Cashing in on fame is one of the most natural things any star or group of stars can do, and the pop music industry in the United States are masters of the game.
The Game Boy Color was a legendary handheld system that not only built upon the legacy of its predecessor but had some amazing titles itself. But NSYNC Get To The Show is not one of those titles – in fact, NSYNC Get To The Show is one of the more bizarre entries to come out for the amazing Game Boy Color.
While the Game Boy Color was a step up from the original Game Boy’s muted Pea-soup colored graphics, it wasn’t a huge leap forward in terms of graphical prowess and sound. In other words, the Game Boy Color was still the regular old Game Boy from a technological standpoint. That doesn’t mean it wasn’t amazing, it was just starting to show its threads as the 2000s approached. This means that most of the games coming out for the system were markedly more primitive than what you could get on a home console, and gamers were just fine with that. Another trend from the 1990s that many will recall with less fondness is the boy-band craze of the latter part of the decade.
Cashing in on this phenomenon, NSYNC Get To The Show offers players the chance to play a game based on the music of the band. If you’re scratching your head in confusion, don’t worry, we all are but it seemed somewhat natural at the time.
The Game Boy Color appealed to a wider swath of gamers than most systems and NSYNC Get To The Show reflected that phenomenon. Sadly, it didn’t reflect the other hot trend of being a good game. The game places players in the role of NSYNC’s biggest fan and gives the player one of the band members as a mentor to guide them through the tale. What this boils down to in practice is the player acts as a driver for the NSYNC party limo, ferrying the band down the road and keeping them happy all the while. If that doesn’t strike you as bizarre, keep reading.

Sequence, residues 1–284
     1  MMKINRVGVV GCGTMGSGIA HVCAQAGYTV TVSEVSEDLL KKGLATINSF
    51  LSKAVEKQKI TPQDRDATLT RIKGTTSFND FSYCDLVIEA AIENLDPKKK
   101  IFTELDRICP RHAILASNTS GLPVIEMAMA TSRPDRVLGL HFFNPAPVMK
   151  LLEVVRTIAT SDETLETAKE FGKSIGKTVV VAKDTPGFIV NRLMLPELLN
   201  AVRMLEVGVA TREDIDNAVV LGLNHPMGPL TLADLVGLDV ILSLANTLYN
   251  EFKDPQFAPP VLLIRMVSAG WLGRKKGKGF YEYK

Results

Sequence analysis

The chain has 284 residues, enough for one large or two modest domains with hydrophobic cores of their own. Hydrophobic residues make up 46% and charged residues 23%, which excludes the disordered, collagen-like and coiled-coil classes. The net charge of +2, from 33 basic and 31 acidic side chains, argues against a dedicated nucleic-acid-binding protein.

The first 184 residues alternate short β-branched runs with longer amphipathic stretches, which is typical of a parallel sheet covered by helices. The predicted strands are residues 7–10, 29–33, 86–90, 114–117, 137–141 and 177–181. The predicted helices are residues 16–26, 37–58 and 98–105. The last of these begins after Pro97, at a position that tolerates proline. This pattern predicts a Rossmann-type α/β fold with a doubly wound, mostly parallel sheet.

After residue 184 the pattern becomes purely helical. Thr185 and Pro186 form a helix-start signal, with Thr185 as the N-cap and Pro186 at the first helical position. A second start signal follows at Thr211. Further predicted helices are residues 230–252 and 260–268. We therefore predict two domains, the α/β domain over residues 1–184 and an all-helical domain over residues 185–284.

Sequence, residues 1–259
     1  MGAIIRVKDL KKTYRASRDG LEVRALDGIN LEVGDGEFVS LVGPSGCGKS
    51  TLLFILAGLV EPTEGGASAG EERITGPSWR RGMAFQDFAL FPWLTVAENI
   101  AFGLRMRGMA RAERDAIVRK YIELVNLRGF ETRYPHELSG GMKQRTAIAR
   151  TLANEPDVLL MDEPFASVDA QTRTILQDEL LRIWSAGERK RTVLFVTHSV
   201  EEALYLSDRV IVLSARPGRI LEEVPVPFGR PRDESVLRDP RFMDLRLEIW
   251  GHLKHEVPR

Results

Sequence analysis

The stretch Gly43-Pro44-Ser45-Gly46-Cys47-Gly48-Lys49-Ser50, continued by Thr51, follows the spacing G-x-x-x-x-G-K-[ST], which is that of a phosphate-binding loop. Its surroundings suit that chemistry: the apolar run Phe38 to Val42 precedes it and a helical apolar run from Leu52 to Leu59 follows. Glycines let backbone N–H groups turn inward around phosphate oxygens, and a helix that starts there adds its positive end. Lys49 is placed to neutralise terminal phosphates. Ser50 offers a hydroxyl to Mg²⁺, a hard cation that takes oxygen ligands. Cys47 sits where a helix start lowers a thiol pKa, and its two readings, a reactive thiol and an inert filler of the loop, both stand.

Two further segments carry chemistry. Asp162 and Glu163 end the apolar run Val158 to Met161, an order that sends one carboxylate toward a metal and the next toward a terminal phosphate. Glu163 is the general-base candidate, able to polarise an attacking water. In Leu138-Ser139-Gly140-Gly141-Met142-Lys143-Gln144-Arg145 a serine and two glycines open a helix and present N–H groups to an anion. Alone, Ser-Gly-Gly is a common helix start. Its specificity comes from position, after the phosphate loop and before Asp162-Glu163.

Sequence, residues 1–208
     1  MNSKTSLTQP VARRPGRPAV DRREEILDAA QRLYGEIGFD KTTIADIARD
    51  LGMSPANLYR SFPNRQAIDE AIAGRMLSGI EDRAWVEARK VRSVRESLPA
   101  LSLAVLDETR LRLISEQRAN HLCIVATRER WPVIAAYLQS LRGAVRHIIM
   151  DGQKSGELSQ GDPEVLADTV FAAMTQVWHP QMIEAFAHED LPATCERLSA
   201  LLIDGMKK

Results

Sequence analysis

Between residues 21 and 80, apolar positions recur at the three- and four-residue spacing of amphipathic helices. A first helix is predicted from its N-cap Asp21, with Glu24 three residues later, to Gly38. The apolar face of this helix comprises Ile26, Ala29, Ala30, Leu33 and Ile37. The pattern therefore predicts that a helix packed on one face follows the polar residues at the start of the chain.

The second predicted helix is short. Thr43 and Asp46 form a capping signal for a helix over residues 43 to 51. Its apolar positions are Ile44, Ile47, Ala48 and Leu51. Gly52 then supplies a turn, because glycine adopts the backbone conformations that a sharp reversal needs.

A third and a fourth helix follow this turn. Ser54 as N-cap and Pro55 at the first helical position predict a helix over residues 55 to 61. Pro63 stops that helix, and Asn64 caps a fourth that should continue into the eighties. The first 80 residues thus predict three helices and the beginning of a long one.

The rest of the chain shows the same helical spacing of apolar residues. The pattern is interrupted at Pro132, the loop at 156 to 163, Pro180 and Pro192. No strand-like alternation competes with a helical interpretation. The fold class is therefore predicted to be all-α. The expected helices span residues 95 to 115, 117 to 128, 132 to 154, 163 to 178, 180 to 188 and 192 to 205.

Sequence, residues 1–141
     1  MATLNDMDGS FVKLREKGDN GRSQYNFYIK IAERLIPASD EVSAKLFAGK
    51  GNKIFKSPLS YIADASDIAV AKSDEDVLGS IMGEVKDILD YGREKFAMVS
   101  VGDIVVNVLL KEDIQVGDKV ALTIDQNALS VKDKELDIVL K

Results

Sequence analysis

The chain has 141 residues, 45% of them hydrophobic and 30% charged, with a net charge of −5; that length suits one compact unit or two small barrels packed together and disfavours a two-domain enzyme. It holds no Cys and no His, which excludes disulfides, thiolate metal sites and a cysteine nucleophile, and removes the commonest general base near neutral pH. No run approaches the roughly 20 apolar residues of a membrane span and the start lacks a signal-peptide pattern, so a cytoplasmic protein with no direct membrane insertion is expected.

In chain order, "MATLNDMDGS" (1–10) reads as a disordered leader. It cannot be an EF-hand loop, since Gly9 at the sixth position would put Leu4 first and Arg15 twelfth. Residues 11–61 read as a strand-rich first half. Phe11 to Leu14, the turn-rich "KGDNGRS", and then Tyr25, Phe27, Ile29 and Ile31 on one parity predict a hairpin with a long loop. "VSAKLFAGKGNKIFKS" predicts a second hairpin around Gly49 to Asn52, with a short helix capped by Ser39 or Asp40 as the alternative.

Of course, since this game was more of a cash-in than an attempt at making a credible game, you will find that it has the depth of a kiddie pool and the replayability of a game of fully-loaded Russian roulette.
Not only is it miserable, there’s barely a game here. You accelerate the vehicle down the road and fulfill objectives and that’s all there is to this.
The sadness wafting off of this game is only matched by the sheer audacity of the marketing team that came up with this concept. Inspired by money and underlined by healthy doses of JAVA gaming’s best, NSYNC Get To The Show is a strange title indeed, probably not only unworthy of the moniker video game but also the eponymous band’s endorsement.